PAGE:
MR imaging, larynx. Sagittal T1-weighted image of MR imaging, larynx. Sagittal T1-weighted image of a patient with laryngeal tuberculosis (M). The base of the tongue is noted (T), and invasion into the anterior longitudinal ligament (double arrows) has occurred.


Laryngeal tuberculosis (TB) has become rare since the advent of antibiotics, although in a patient with pulmonary TB, laryngeal involvement is a possibility. The first image below shows a sagittal view of a patient with laryngeal TB. The most common site of involvement in the larynx is the posterior aspect and epiglottis. The second image below (depicting a laryngeal schwannoma) shows invasion into the anterior longitudinal ligament.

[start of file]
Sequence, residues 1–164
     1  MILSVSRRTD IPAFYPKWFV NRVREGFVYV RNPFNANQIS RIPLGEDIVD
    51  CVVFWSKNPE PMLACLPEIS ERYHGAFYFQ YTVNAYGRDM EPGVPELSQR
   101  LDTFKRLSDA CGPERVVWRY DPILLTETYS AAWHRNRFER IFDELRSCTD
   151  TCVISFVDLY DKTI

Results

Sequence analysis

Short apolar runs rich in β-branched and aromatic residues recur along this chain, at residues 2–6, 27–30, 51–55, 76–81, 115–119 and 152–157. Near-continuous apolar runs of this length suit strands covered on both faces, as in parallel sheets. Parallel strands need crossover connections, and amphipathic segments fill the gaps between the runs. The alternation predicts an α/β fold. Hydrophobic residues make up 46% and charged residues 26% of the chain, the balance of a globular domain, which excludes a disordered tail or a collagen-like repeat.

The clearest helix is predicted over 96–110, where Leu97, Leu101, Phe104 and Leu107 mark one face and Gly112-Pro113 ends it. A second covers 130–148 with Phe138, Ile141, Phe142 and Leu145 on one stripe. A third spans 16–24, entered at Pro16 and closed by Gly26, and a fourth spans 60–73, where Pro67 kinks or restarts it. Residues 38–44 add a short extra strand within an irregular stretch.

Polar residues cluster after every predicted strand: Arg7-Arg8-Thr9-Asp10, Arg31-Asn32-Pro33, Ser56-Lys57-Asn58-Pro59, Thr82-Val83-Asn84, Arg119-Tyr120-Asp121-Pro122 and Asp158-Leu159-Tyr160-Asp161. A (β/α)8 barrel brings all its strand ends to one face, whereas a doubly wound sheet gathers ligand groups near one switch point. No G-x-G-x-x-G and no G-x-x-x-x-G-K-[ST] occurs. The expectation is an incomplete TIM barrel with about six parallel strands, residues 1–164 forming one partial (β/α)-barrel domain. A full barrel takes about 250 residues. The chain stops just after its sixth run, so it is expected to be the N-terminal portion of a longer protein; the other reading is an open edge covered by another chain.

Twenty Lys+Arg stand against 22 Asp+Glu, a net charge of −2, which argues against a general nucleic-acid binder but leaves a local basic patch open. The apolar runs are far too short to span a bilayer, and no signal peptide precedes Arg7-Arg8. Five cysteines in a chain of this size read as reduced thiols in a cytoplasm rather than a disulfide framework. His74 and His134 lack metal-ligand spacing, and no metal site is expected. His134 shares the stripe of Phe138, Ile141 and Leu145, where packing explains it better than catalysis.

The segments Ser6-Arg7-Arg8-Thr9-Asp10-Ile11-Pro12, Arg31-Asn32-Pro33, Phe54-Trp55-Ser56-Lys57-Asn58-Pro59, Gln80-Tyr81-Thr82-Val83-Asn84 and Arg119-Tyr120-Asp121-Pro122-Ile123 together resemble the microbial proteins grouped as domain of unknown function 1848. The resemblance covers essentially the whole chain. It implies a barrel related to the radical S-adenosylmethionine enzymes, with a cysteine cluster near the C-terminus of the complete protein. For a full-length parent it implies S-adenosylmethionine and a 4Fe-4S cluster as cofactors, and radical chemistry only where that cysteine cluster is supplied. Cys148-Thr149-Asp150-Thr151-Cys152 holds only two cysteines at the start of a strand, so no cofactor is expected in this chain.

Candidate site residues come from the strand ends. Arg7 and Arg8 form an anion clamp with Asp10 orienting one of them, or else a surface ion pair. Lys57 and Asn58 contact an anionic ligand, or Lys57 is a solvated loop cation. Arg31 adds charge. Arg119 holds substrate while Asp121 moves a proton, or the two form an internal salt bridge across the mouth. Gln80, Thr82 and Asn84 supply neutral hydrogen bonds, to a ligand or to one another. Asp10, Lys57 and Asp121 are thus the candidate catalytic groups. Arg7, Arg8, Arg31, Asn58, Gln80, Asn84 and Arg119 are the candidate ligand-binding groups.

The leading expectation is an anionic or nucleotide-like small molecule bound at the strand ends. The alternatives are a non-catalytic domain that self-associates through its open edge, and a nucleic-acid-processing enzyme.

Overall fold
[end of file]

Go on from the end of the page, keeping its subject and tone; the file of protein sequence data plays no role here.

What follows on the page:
Sagittal T1-weighted image of a patient with laryn Sagittal T1-weighted image of a patient with laryngeal TB (M). The base of the tongue is noted (T), and there is invasion into the anterior longitudinal ligament (double arrows).
MR imaging, larynx. Coronal T1-contrasted MRI show MR imaging, larynx. Coronal T1-contrasted MRI showing a laryngeal schwannoma (T).


Schwannomas, similar to neurofibromas, are derived from the Schwann cells of peripheral nervous tissue. They are typically benign but have been reported to undergo malignant degeneration. Most commonly observed in the fifth to sixth decade of life, schwannomas occur more frequently in women. They have typically been described as a solitary, encapsulated, slow-growing tumor. In the larynx, the most common site of origin is the superior laryngeal nerve. The site of involvement in the supraglottis is on the aryepiglottic fold or false vocal cord. Patients typically present with symptoms of dysphagia, odynophagia, hoarseness, stridor, and/or globus pharyngeus.